Mar 10 2016
THERE ARE few, if any, families in Ireland, who do not have some connection with the GAA, either on, or off, the field. Even those with no involvement whatsoever are fascinated by what makes it tick.
It is this fascination that led Wicklow/Blessington writer/actor Richard Lynch cuts deep into the heart of the association - the club - to create Face The Short Kick Out, a powerful piece of drama, laced with rich earthy humour throughout, which comes to the Town Hall Theatre studio next week.
Lynch is well qualified to explore the subject as he was himself a player for many years; “GAA has been one of my main pursuits down the years along with theatre,” he tells me. “Now, I didn’t set the world alight as a player - I’ve no All-Ireland medals! I played at club level for Suncroft in County Kildare. Some people feel that world is the real GAA and the play is set in the club scene.”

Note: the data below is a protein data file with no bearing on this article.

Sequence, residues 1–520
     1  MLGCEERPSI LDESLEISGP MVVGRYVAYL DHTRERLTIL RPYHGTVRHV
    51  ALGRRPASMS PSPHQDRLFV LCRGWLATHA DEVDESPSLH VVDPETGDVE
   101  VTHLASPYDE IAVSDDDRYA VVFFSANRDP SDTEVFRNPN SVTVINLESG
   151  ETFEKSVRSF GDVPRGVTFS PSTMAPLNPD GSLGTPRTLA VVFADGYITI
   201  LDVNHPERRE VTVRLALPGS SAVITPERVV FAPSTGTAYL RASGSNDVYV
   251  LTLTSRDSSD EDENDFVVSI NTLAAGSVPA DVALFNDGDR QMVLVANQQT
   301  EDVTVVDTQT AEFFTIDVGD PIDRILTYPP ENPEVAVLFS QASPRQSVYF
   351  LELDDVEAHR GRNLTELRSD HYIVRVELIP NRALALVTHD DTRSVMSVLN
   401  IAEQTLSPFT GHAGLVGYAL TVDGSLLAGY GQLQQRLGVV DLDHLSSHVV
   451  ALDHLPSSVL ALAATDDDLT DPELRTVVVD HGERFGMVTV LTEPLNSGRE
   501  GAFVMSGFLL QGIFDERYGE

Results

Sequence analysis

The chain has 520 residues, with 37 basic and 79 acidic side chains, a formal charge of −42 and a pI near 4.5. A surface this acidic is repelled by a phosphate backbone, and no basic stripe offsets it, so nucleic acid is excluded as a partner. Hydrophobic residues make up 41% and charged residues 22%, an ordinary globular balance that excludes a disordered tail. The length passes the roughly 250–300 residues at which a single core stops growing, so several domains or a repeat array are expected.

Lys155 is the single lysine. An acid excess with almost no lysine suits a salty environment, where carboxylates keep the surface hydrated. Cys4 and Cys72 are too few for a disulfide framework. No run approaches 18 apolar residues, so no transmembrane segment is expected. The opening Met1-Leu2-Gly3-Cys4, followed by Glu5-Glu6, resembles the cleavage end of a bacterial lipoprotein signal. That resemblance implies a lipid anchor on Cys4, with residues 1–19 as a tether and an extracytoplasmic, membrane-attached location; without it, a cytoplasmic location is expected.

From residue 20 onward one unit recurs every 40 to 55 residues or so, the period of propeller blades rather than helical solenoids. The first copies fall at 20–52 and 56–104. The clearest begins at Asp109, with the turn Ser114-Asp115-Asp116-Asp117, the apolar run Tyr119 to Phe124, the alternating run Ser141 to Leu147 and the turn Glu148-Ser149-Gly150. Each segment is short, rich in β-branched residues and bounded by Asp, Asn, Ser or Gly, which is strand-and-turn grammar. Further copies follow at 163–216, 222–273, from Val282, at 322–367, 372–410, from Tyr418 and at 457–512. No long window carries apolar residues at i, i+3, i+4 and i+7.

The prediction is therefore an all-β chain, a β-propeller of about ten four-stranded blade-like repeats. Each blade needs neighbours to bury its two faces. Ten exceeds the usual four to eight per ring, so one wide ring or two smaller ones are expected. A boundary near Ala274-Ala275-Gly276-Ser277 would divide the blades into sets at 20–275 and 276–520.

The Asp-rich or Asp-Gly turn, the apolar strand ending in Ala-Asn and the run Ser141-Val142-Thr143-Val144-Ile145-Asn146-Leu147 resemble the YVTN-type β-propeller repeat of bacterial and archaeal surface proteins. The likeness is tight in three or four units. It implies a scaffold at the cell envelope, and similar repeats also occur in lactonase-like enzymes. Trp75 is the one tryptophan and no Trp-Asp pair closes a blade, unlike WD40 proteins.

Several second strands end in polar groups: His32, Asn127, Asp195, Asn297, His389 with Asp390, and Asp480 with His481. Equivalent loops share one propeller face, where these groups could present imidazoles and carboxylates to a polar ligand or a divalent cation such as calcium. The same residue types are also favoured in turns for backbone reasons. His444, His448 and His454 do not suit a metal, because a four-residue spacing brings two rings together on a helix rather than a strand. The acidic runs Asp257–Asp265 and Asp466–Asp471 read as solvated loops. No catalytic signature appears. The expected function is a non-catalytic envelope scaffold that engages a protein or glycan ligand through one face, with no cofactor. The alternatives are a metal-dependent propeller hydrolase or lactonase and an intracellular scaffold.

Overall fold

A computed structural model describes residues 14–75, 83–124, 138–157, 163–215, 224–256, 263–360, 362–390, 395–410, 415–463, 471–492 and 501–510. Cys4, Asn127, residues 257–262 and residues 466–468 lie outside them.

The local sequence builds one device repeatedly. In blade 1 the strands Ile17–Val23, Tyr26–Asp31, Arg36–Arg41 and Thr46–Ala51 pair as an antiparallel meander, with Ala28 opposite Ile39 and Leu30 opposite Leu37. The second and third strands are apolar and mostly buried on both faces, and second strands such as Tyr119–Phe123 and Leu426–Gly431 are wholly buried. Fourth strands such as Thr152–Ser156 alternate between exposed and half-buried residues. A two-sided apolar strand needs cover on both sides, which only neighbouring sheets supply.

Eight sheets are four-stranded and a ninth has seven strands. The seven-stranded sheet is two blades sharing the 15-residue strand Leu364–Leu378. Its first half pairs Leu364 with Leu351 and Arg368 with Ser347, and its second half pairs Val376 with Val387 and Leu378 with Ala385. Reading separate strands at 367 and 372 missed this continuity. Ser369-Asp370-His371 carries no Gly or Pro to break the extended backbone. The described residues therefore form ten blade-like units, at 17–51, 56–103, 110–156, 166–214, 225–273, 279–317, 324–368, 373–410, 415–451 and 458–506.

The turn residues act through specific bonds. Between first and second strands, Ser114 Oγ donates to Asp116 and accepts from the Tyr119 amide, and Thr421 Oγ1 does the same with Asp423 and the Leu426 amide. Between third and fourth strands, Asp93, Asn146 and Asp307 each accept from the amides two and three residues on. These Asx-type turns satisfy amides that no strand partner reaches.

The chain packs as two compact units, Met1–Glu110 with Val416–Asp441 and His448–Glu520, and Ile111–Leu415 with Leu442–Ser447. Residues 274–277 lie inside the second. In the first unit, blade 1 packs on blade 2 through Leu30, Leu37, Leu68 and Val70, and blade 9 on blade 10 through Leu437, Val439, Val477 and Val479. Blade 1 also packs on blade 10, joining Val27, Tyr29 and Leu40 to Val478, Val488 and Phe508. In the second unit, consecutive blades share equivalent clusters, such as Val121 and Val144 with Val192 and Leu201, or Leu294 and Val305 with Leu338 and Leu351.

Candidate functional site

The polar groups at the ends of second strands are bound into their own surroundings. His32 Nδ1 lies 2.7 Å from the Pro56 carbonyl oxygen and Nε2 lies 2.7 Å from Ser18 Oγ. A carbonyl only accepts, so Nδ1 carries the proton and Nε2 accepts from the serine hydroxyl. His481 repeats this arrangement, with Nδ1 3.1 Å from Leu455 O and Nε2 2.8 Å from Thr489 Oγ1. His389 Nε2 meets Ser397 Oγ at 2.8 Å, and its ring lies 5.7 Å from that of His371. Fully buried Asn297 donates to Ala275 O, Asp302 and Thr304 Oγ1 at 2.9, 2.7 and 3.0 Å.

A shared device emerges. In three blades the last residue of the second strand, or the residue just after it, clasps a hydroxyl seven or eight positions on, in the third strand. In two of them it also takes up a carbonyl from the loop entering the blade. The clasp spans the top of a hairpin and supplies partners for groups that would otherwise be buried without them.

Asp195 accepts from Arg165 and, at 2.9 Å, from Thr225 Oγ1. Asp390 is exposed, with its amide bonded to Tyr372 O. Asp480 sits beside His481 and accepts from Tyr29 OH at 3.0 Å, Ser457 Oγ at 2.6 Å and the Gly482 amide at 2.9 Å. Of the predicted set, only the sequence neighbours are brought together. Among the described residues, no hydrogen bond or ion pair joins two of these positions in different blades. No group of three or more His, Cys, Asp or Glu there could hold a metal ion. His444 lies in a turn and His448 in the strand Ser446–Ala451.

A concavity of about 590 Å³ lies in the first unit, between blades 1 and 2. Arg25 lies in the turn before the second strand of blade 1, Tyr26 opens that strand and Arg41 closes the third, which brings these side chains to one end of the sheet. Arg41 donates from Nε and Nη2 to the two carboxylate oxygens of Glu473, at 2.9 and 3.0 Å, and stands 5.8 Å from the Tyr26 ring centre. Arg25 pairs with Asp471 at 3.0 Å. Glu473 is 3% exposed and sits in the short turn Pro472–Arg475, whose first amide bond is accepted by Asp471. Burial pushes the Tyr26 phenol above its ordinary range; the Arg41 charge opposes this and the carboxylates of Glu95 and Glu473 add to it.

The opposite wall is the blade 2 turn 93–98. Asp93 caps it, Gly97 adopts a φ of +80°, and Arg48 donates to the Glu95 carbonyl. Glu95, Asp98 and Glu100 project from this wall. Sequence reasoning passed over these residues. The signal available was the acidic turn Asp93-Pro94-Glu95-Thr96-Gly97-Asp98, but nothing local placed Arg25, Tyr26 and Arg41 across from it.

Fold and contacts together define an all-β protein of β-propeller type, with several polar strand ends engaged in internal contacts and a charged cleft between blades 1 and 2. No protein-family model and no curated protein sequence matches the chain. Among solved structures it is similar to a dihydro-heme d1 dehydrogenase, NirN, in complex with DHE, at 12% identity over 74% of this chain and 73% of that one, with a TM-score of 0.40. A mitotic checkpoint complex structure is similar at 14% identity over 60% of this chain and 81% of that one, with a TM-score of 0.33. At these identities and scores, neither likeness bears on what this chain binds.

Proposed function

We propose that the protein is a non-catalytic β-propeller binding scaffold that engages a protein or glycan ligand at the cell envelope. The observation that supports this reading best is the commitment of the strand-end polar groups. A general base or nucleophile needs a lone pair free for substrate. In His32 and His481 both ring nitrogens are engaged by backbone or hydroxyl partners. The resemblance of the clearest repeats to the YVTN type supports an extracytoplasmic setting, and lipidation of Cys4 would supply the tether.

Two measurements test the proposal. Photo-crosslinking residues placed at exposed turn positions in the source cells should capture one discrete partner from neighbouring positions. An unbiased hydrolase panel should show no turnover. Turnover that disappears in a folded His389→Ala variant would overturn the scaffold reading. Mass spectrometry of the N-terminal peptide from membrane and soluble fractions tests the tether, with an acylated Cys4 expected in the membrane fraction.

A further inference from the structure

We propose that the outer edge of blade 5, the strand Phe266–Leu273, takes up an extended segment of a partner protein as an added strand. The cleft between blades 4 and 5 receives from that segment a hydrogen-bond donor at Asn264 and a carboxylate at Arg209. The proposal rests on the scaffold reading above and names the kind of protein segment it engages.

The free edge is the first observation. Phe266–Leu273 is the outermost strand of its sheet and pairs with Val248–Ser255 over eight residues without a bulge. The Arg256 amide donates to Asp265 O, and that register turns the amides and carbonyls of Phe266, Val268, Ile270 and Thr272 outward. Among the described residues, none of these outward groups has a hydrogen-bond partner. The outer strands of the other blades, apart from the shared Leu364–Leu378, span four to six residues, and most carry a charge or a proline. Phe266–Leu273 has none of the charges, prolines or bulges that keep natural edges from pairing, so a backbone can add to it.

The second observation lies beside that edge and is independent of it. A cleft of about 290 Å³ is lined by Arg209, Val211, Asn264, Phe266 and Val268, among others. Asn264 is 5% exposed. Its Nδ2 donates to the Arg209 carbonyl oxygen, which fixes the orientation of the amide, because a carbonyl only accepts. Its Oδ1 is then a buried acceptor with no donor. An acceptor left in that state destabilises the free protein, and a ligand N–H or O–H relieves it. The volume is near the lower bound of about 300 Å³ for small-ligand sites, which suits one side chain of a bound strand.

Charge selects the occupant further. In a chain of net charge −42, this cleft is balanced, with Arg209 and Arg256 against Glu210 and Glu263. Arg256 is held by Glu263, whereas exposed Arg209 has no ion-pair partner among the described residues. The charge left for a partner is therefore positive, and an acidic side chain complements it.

Face The Short Kick Out is a one man show in which Lynch portrays some of the key personalities and events around a club called Kilkeeran. “It’s a fictitious story but based on my personal observations,” he reveals. “It spans the period from 1950s up to the present day. It focuses on club rivalries, the parochialism, and the intensity of it, the pride of a little village - all far removed from the Croke Park scene. It has that intimacy and tribalism when neighbouring clubs clash. The club is celebrating its 50th anniversary. Sonny Halpin lays bare much of the club’s history in an effort to rid himself of some of these ghosts that haunt him.”
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